Let’s start right out of the gate with an unpopular, eyebrow-raising opinion, shall we? I hate, hate, WITH THE PASSION OF A THOUSAND SUNS HATE, manhood/masculinity talks.
If anyone’s unclear what I’m talking about here, I’m talking about those famous Catholic speakers or even just your local go-to guy for giving talks who either gives a talk specifically directed at men from the beginning or brings the men at some conference or retreat into some separate room to talk to them while someone else talks to the women, and then launches into one or a combination of two basic talks.
The first is straightforward enough: “You’re a guy, you’ve probably lusted, you’ve probably masturbated, you’ve probably seen porn, and basically, you’re awful for doing so, so just stop.” This is usually interjected with poorly and non-contextualized quoting of Theology of the Body and frequent repetitions of, “That’s someone’s sister, that’s someone’s daughter, etc., etc., etc.”, and a few choruses of “BE A MAN!”
The second is a little more subtle about its banality: It attempts to actually talk about what it means to be a true man, a man of God, according to this formula: Stereotypical/Secular Masculinity + A Handful of Pre-Selected Virtues Slapped Over the Top = Being a Man of God. Also usually interjected with some poorly and non-contextualized quoting of Theology of the Body and endless, mind-numbingly repetitious reminders that men’s brains are like waffles and women’s brains are like spaghetti (and please don’t ask me to explain because I just may vomit).
Now granted, I may be generalizing just a tad. Maybe. And it’s not like purity isn’t important. But basically, bottom-line, masculinity talks in the Catholic Church tend to work from a societally stereotypical view of masculinity and build a “Christian” vision of manhood from there.
So let me ask a fairly obvious question which apparently never crossed these people’s minds: WHAT IF NOT EVERY MAN FITS THE STEREOTYPE TO BEGIN WITH? WHAT IF THAT STEREOTYPE IS FLAWED?
Not that I have personal experience in that area or anything. OH, WAIT.
Here’s a few easily recognizable traits of the stereotype I’m referencing: loud, unruly, into sports above all, actually proud of being rude, lewd, crude, etc., outgoing, adventurous/reckless, and shies away from anything considered stereotypically effeminate.
Here’s a few easily recognizable traits of yours truly: quiet, unassuming, into music/art/reading above all, actually proud of being caring, respectful, classy, etc., shy, introverted/anxious, and shies away from anything considered stereotypically masculine.
And yet, last I checked, I’m a man.
Here’s my true beef with masculinity/manhood talks: it’s precisely those men who fit that stereotype who wounded me, who led me to believe for years that somehow I was less of a man, that made me feel small, weak, broken, and alone. It was these men that I simultaneously loathed and longed to have approval from. It was these men who, for a time, were the fuel for my hatred of men. And I know for a fact I’m not the only one out there who has experienced this. It’s all too common, and it simultaneously further wounds those already wounded and confirms such men in their continuation of their wounding under the guise that somehow they’re being “true men” according to the Christian vision.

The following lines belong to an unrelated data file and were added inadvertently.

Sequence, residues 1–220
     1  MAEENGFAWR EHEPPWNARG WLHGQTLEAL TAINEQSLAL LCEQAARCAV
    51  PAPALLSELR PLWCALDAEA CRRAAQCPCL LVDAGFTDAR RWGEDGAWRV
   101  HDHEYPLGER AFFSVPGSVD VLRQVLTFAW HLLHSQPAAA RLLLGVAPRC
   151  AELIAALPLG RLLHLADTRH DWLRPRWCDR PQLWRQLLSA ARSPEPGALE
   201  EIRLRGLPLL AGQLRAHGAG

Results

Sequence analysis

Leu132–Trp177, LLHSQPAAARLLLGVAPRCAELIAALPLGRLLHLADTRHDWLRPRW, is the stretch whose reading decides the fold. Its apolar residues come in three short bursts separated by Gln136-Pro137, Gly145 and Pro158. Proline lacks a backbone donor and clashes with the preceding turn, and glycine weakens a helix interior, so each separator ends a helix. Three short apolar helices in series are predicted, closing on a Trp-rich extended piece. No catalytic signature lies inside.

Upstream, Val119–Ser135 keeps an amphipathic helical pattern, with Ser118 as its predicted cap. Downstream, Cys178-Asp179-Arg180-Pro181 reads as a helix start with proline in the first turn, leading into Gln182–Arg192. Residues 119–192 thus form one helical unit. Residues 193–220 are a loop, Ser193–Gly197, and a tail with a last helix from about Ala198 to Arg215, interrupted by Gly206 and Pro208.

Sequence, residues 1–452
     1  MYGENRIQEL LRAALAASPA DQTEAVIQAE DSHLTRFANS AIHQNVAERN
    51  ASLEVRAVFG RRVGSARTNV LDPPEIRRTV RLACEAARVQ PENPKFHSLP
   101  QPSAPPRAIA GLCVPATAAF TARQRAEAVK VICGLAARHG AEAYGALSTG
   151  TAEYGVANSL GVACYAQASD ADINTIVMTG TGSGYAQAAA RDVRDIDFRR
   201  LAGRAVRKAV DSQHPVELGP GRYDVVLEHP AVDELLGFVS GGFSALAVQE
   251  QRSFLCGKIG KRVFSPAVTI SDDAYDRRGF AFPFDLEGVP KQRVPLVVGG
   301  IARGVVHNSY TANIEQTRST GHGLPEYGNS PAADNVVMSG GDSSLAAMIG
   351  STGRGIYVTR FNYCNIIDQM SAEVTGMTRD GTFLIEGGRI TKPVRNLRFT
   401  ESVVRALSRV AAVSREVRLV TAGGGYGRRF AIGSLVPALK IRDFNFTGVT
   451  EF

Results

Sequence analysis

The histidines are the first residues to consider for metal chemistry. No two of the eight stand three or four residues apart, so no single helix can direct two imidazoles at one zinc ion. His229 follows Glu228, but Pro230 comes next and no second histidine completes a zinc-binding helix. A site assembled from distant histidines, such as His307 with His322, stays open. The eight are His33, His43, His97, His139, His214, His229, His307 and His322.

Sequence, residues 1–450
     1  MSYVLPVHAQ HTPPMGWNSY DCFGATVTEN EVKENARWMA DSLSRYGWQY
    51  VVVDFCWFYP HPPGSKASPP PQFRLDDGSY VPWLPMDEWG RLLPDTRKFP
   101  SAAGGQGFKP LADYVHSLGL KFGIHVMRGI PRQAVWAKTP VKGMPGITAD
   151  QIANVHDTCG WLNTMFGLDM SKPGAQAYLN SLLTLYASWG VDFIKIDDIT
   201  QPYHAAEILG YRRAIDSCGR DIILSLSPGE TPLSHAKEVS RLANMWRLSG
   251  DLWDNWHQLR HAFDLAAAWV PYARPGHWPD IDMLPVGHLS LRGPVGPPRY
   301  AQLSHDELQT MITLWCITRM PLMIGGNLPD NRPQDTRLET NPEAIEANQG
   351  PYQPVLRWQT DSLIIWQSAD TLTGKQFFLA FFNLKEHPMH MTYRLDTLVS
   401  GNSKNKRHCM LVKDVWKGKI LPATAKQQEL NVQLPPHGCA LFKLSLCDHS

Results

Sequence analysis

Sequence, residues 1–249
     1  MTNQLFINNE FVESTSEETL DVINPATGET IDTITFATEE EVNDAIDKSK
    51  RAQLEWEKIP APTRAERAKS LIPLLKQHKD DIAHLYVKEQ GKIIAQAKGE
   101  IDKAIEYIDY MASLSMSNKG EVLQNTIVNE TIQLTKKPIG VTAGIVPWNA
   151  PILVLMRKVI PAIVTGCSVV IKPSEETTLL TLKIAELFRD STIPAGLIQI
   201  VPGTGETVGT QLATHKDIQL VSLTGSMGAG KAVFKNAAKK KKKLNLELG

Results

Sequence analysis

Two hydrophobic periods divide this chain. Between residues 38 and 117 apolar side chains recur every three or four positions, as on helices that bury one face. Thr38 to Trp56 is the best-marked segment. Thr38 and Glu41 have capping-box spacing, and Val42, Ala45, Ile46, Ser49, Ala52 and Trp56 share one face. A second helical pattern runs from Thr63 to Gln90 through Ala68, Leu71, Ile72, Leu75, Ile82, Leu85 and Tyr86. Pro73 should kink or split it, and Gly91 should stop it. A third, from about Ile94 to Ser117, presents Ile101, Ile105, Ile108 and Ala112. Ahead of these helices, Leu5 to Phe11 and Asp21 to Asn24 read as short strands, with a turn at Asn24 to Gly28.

Now let me set the record straight here: I’m not advocating for all men to be men on my terms. If all men were like me, this world would fall apart fast. Men who are strong in the stereotypical sense, who have a love for physical activity, who are loud and outgoing and passionate, who have zeal and adventure in their hearts, they are good men; some of the best men I know can be described this way. Some, though, are quiet and reflective, artistic and sensitive, strong within rather than without, and express their zeal in subtler ways. And this is where the question has to be asked, what is it that defines true manhood, that really makes one a man? What should these speakers really be talking about? How does one actually grow in masculinity?
A few years back, I was asked to give a brief talk at a men’s night for my parish (cue heart attack), so I went to prayer, started reading Scripture, trying to figure out both what I wanted to say and what it actually meant to be a man. I came to Psalm 84, one of my favorites, and one of the passages jumped out at me like never before:
Blessed are the men whose strength is in you, in whose heart are the pathways to Zion. As they go through the valley of Baca they make it a place of springs; the early rain also covers it with pools. They go from strength to strength, the God of gods will be seen in Zion. –Psalm 84:5-7
And basically, the talk flowed from there. This, I think, sums up what it means to be a man. There’s so much to this passage, the implicit humility it takes to allow my strength to come from God and not myself, the priority of making “the pathways to Zion” in my own heart, being a source of life and comfort in the desert valleys of the lives of others and the world which so desperately needs it, the love it takes to do so, the continued growth “from strength to strength” not of ourselves but by growth in that humility before and surrender to “the God of gods” who “will be seen in Zion”. And there’s so much more you could sit with here, but look at all that. Nowhere does it talk about any stereotypical traits. Nowhere is athletic ability, recklessness, general volume, or anything of the kind mentioned. It doesn’t preclude them, but it’s nowhere laid out as the baseline for masculinity.